5. Babies are not “designed” to sleep through the night.

Babies don’t come with manuals, so I’m not sure who dictated what babies are or are not “designed” for — sheesh! What I can tell you is that trusting your child’s physiology to dictate their sleep schedule, their eating habits or their behavior is a recipe for disaster.

Look, you’re obviously reading this for a reason — most likely because you’d like your baby to sleep better. I’m here to tell you that I can help you and your baby develop healthy, independent sleep habits that will have the entire family getting restful nights of sleep. When you’re ready to get started, give me a call to see how I can work with your family to guide you to healthy sleep.

How to Keep Your Child Awake

I talk about sleep a lot. Here on my blog, with family, friends, clients and colleagues — sleep is a never ending topic of conversation, as it should be given my career! However, I was just telling a former client that we, as parents, spend so much of our time wishing our children would sleep, and when it’s not an appropriate time to sleep, we bend over backwards to keep our child awake. Am I right? Strange, isn’t it?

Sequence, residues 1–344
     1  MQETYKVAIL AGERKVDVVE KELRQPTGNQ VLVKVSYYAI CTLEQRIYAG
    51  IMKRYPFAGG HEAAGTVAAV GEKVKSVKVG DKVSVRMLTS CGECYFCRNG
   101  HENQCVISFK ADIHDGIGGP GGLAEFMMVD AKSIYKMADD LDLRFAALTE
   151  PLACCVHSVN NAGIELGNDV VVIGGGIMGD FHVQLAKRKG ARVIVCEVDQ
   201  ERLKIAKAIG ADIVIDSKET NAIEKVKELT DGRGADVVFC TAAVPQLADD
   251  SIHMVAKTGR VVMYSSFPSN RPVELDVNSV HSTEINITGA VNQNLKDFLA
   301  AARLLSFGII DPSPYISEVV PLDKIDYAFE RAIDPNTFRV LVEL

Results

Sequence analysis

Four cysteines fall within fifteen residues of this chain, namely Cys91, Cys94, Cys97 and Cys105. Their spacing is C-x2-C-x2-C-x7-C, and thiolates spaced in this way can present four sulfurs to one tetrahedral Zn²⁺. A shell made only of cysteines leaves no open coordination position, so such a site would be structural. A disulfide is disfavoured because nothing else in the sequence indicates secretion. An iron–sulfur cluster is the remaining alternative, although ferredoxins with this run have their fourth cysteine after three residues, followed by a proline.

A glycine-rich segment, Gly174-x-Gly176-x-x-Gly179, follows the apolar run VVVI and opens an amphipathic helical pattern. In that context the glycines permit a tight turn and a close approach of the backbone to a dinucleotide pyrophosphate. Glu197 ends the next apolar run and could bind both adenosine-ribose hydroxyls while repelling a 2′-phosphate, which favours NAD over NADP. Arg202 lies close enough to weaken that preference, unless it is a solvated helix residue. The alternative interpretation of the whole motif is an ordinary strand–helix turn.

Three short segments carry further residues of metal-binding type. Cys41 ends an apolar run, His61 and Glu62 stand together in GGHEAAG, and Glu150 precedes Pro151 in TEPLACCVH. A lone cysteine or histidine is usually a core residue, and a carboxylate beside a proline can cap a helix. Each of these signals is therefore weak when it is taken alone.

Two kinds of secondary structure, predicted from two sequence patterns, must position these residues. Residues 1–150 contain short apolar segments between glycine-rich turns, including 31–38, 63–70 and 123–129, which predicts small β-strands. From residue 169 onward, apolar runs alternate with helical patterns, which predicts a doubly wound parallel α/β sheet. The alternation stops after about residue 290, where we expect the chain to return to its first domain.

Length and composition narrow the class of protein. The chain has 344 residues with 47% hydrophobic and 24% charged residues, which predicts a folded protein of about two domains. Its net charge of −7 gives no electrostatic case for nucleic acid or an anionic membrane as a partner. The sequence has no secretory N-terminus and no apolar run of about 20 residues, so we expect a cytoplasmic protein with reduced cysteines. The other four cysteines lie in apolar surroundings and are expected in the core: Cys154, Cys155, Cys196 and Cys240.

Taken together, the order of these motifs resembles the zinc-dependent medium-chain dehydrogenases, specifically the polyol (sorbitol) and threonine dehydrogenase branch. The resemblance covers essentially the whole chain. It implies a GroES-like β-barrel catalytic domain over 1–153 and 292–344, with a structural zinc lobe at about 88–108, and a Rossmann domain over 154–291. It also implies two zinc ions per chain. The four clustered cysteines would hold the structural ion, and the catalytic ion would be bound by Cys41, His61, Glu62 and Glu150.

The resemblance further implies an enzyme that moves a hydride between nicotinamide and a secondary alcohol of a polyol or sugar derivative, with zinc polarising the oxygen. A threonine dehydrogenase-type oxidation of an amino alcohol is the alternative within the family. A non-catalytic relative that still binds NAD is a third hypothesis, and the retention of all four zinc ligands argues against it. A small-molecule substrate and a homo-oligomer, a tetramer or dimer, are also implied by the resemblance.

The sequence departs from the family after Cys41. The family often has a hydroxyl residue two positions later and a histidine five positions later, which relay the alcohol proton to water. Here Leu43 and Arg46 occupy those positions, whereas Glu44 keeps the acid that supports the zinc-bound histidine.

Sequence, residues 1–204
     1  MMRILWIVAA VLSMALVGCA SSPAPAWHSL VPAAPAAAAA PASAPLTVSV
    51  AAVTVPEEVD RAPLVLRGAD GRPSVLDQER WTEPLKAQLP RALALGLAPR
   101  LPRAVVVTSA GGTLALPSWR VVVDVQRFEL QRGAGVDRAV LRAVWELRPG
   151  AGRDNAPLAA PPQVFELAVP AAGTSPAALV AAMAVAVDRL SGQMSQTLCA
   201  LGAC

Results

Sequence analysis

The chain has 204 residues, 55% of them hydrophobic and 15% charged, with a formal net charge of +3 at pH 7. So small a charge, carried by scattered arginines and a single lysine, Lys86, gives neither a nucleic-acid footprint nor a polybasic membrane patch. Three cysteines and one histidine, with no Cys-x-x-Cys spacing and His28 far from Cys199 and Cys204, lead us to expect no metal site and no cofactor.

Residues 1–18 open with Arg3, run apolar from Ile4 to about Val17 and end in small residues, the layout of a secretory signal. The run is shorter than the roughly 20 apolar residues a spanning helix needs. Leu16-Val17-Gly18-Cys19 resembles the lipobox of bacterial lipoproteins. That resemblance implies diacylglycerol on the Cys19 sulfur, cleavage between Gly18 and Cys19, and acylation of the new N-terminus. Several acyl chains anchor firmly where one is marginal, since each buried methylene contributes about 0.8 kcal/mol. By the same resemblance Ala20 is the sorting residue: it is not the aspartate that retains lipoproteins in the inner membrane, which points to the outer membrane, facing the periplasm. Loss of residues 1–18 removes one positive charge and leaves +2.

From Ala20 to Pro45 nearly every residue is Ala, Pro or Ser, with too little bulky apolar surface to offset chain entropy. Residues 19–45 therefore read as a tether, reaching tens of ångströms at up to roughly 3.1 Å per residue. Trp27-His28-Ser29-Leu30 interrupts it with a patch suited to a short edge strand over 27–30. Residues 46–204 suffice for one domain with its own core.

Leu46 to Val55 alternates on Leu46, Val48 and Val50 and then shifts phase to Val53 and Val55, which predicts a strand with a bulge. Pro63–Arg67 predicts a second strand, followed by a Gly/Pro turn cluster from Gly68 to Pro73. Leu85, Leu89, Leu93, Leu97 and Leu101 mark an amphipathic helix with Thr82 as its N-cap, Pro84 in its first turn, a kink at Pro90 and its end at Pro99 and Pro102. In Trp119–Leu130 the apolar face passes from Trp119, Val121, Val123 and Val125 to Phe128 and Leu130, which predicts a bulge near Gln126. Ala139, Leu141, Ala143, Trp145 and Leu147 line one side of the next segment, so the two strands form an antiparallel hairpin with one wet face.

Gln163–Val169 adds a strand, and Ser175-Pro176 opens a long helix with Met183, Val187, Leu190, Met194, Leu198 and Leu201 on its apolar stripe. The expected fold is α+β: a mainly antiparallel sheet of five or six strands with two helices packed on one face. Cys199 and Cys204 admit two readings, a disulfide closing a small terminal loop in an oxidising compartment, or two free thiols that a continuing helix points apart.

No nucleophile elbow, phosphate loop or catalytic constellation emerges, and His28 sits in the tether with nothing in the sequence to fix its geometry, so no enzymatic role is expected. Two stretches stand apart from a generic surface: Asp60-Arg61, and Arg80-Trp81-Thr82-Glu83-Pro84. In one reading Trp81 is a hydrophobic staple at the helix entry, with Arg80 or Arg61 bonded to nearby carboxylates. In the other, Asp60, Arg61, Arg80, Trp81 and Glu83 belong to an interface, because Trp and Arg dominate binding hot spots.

I’m going to take a break from talking about children and sleep today. I know, I know, you came here because you’re anxious to have your child develop healthy sleep habits, but did you know that wakefulness, at the right times, can help your little one sleep better?

keep-child-awake

For those of you who have been with me for a while, you know how important routine is in helping children develop and maintain healthy sleep habits. And if your kiddo has healthy sleep habits, he’s not likely to fall asleep at random times or when you’re out running errands. This is because your kiddo has a routine and picks up on the sleep cues of that routine. Driving to the grocery store, in between naptimes, is not an appropriate time to sleep, especially if you want your little one to stay on schedule.